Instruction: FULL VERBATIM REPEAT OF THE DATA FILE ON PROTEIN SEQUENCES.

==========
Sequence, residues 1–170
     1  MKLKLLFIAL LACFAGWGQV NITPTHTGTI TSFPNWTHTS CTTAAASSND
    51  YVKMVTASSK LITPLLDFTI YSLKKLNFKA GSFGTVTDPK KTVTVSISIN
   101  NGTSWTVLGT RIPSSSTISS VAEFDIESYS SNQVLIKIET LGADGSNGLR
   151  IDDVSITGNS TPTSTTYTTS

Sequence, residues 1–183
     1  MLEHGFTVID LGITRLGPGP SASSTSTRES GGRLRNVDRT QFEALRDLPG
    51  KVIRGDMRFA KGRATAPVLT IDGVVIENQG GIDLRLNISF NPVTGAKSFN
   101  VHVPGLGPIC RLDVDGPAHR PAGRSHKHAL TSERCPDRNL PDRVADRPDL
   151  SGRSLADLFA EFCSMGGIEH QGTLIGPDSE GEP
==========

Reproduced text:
Sequence, residues 1–170
     1  MKLKLLFIAL LACFAGWGQV NITPTHTGTI TSFPNWTHTS CTTAAASSND
    51  YVKMVTASSK LITPLLDFTI YSLKKLNFKA GSFGTVTDPK KTVTVSISIN
   101  NGTSWTVLGT RIPSSSTISS VAEFDIESYS SNQVLIKIET LGADGSNGLR
   151  IDDVSITGNS TPTSTTYTTS

Sequence, residues 1–183
     1  MLEHGFTVID LGITRLGPGP SASSTSTRES GGRLRNVDRT QFEALRDLPG
    51  KVIRGDMRFA KGRATAPVLT IDGVVIENQG GIDLRLNISF NPVTGAKSFN
   101  VHVPGLGPIC RLDVDGPAHR PAGRSHKHAL TSERCPDRNL PDRVADRPDL
   151  SGRSLADLFA EFCSMGGIEH QGTLIGPDSE GEP